Eastern Religion and ethical distinctions

“Good and evil,” says the Buddhist, “are both fetters: the perfect one became master over both.”; “what`s done and what`s not done,” says the man who believes in the Vedanta, “give him no pain; as a wise man he shakes good and evil off himself; his kingdom suffers no more from any deed; good and evil – he has transcended both” – an entirely Indian conception, whether Brahman or Buddhist.

Friedrich Nietzsche, On the Genealogy of Morals,Third Essay: What Do Ascetic Ideals Mean?, 17


If you want to get the plain truth, be not concerned with right and wrong.  The conflict between right and wrong is the sickness of the mind.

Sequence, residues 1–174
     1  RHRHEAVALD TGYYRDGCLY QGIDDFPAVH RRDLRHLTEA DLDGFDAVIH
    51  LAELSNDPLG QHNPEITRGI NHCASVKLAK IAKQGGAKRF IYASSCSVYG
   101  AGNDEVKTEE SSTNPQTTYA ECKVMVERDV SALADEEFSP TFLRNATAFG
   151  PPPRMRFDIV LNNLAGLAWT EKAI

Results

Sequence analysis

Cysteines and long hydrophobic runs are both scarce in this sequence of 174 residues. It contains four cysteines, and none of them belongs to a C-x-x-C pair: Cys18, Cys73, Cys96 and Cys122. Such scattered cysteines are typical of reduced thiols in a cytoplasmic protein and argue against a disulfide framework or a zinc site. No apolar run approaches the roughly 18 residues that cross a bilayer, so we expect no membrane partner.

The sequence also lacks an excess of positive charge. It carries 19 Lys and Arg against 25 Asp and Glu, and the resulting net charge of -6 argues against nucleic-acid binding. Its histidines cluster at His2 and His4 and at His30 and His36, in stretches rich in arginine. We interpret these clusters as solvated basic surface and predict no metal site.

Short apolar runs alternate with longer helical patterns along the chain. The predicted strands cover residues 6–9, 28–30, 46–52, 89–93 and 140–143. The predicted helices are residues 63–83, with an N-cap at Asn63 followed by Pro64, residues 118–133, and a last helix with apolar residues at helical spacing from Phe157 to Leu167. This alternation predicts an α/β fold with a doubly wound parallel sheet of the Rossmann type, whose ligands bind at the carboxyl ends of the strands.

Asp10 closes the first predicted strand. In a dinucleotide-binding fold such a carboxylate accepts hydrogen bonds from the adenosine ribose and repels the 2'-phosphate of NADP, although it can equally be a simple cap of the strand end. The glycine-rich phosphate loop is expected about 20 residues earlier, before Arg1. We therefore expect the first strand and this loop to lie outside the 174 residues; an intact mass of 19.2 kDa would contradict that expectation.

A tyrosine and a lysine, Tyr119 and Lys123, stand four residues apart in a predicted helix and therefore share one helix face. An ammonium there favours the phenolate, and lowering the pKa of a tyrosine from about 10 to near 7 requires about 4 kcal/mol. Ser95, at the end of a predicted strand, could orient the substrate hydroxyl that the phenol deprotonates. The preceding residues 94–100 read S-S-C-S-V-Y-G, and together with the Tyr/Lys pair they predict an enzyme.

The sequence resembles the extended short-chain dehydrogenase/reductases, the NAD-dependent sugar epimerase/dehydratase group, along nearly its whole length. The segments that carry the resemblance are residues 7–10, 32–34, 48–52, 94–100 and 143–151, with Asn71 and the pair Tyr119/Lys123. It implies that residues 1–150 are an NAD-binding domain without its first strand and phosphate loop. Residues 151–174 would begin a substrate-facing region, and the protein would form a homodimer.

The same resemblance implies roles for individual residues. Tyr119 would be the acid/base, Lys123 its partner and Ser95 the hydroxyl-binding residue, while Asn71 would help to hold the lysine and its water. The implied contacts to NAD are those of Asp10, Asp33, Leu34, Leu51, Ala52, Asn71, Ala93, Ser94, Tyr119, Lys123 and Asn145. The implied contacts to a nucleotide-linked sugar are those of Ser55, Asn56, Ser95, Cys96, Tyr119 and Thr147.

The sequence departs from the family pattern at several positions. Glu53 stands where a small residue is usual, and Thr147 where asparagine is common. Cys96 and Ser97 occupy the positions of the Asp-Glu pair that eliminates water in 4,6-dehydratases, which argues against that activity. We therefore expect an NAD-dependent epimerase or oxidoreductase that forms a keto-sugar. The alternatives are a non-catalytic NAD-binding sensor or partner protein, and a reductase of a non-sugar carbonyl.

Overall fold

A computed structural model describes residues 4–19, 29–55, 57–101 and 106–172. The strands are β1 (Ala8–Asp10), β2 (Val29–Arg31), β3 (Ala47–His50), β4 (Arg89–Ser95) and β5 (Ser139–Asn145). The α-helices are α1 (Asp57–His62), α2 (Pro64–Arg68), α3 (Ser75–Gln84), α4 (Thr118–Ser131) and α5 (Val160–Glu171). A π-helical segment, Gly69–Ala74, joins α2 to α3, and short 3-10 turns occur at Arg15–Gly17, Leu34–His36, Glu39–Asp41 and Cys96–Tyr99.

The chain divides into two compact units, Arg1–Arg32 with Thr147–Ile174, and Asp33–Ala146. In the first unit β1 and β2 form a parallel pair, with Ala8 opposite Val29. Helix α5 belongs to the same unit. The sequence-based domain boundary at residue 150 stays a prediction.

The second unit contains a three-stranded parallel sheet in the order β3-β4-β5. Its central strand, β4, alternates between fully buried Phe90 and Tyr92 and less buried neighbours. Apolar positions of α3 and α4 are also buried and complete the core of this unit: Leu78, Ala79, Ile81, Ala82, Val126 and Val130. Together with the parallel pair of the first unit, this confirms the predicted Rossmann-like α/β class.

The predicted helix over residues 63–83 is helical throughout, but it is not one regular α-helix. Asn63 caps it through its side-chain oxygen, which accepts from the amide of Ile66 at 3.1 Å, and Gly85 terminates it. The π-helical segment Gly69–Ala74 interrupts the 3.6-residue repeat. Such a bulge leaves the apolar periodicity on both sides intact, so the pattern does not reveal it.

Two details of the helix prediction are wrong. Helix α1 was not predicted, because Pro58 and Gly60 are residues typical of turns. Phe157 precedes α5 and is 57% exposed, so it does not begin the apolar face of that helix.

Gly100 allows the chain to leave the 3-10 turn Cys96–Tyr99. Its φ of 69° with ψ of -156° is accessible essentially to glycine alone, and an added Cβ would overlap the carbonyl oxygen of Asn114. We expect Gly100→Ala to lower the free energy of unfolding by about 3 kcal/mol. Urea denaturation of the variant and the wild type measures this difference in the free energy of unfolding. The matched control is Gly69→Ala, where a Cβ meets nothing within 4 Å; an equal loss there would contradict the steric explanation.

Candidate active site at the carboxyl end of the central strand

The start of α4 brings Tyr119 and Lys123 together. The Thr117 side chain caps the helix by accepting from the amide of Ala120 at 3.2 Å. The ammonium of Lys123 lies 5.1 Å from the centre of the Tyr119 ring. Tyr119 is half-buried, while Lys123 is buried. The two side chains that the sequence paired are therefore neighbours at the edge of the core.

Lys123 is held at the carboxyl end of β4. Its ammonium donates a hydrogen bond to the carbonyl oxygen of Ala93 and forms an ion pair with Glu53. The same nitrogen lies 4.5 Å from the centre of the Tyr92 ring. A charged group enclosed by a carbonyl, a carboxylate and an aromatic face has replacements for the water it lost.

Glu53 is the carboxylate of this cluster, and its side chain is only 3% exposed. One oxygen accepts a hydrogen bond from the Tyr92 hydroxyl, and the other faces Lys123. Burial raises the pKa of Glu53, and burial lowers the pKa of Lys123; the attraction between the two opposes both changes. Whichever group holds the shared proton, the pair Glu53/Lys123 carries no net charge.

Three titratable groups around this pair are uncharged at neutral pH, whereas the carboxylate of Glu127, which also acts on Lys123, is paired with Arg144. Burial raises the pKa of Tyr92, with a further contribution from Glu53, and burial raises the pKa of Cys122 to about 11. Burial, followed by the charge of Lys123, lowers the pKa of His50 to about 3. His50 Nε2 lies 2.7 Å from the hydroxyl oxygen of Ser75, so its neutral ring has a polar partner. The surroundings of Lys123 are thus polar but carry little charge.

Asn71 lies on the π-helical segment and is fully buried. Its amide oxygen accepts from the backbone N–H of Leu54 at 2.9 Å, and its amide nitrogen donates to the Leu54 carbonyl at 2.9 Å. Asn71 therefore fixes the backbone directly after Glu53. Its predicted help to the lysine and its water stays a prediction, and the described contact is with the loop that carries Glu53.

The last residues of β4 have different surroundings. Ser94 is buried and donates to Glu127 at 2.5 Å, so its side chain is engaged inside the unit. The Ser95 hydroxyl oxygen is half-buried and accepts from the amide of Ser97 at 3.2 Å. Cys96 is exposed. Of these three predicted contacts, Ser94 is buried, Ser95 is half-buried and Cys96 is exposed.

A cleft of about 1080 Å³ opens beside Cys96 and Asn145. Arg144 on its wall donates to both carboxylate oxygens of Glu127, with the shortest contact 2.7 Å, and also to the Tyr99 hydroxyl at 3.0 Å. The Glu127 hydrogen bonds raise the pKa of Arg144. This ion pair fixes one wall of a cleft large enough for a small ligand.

Zen master Yun-Men, quoted in Alan Watts, Beat Zen, Square Zen, and Zen (San Francisco: City Lights, 1959), p. 10.



One Response to “Eastern Religion and ethical distinctions”

  1. The Shape of Reality: Identifying Evil | TC Apologetics Says:

    […] Zen Master Yun-Men said, ‘’The conflict between right and wrong is sickness of the mind.” […]

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